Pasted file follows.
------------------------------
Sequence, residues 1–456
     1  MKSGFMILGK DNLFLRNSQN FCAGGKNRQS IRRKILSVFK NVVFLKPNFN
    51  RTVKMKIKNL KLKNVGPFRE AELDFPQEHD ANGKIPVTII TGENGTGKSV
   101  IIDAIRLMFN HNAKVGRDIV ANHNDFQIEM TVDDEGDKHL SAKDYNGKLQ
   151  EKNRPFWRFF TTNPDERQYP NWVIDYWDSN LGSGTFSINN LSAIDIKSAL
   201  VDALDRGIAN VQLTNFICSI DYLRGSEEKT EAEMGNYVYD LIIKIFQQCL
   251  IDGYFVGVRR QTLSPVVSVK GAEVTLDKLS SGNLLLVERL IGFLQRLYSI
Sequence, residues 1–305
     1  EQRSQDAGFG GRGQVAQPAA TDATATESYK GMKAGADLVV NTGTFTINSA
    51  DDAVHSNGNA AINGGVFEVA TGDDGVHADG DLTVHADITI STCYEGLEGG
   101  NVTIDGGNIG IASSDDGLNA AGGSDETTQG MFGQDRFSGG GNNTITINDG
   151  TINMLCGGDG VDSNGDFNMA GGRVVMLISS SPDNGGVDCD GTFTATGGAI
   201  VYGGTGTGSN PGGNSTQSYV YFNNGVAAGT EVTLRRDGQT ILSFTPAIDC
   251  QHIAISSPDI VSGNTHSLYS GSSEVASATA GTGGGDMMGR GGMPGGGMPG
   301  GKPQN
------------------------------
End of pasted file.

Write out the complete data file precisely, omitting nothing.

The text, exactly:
Sequence, residues 1–456
     1  MKSGFMILGK DNLFLRNSQN FCAGGKNRQS IRRKILSVFK NVVFLKPNFN
    51  RTVKMKIKNL KLKNVGPFRE AELDFPQEHD ANGKIPVTII TGENGTGKSV
   101  IIDAIRLMFN HNAKVGRDIV ANHNDFQIEM TVDDEGDKHL SAKDYNGKLQ
   151  EKNRPFWRFF TTNPDERQYP NWVIDYWDSN LGSGTFSINN LSAIDIKSAL
   201  VDALDRGIAN VQLTNFICSI DYLRGSEEKT EAEMGNYVYD LIIKIFQQCL
   251  IDGYFVGVRR QTLSPVVSVK GAEVTLDKLS SGNLLLVERL IGFLQRLYSI
Sequence, residues 1–305
     1  EQRSQDAGFG GRGQVAQPAA TDATATESYK GMKAGADLVV NTGTFTINSA
    51  DDAVHSNGNA AINGGVFEVA TGDDGVHADG DLTVHADITI STCYEGLEGG
   101  NVTIDGGNIG IASSDDGLNA AGGSDETTQG MFGQDRFSGG GNNTITINDG
   151  TINMLCGGDG VDSNGDFNMA GGRVVMLISS SPDNGGVDCD GTFTATGGAI
   201  VYGGTGTGSN PGGNSTQSYV YFNNGVAAGT EVTLRRDGQT ILSFTPAIDC
   251  QHIAISSPDI VSGNTHSLYS GSSEVASATA GTGGGDMMGR GGMPGGGMPG
   301  GKPQN